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UK Chancellor Sunak has announced an increase in corporation tax to 25% in 2023 from 19% currently, but has also extended important income support measures. Overall, following the policies announced in the Budget economists at HSBC maintain that the UK is well placed to generate a strong economic recovery from Q2 2021 and believe an overweight view on UK equities remains justified, although are cognisant of potentially subdued returns.

Key quotes

“UK Chancellor Rishi Sunak announced that levels of taxation would rise in the coming years in order to close a gap in the public finances created by the Covid-19 pandemic. In particular, the rate of corporation tax will rise to 25% in 2023 from 19% currently, and income tax thresholds will be frozen from 2022 until 2026. Importantly, however, income support measures remain in place. The UK Job Retention Scheme has been extended until September, protecting household finances as pandemic-related restrictions remain in place.”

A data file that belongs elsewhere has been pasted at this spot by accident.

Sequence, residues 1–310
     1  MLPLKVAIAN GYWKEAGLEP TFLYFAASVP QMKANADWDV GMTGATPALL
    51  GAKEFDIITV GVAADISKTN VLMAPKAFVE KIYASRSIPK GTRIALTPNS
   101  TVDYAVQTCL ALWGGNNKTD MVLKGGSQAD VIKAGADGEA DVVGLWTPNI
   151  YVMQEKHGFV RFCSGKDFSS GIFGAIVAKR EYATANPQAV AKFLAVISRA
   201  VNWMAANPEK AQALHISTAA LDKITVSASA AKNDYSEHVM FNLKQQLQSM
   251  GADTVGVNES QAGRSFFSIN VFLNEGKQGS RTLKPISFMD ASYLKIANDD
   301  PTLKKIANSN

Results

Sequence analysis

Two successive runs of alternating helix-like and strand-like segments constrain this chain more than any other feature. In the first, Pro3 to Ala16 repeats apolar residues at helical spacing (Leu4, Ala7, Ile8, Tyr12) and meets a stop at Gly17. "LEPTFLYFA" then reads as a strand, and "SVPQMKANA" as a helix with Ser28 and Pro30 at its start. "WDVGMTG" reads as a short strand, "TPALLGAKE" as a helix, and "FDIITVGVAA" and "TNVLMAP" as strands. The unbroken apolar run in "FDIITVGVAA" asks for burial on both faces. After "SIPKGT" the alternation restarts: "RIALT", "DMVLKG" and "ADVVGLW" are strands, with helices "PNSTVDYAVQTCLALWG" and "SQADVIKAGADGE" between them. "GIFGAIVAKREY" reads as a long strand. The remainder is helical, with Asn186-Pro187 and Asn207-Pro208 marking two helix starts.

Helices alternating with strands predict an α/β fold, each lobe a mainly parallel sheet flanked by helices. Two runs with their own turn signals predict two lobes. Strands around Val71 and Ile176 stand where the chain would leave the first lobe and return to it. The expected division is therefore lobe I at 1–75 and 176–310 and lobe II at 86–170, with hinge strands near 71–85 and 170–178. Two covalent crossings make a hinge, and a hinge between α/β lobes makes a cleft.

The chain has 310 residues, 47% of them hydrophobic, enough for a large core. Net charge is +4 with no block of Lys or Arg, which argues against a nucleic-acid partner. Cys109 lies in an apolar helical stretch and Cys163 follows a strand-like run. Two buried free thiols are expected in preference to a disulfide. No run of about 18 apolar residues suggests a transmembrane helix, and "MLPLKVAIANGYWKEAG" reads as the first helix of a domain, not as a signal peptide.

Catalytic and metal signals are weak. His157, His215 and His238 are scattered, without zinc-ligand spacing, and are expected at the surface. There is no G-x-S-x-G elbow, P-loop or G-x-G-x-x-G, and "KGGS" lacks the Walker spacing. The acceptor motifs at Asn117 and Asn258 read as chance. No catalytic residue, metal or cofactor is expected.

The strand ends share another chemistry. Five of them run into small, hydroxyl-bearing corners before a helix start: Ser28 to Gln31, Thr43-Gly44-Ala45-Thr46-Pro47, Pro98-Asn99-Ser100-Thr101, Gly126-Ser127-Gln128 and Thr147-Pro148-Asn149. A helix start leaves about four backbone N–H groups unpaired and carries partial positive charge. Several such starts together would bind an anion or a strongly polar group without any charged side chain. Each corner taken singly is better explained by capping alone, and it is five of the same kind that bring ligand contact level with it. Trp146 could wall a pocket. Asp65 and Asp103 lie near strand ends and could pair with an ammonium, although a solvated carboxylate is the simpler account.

“We expect the successful vaccine rollout to lead to a gradual and durable lifting of restrictions, releasing pent-up demand as households run down savings accumulated over the past year. In this context, we think it makes sense to remain overweight UK equities, which are exposed to cyclical sectors that typically benefit from periods of strong economic growth.”

“We should be aware that potential returns could be limited by the strong rally witnessed in recent months and concern over possible bad news on covid mutations in the future. There is also the risk that the Treasury announces more significant tax rises next year, or policy support is withdrawn too early.”

“We continue to see UK gilts as overvalued and prefer to be underweight in this asset class, along with other European government bonds where we are in effect being penalised relative to holding cash. Positively, however, dovish global central banks limit the scope for volatility or a sharp jump in yields.”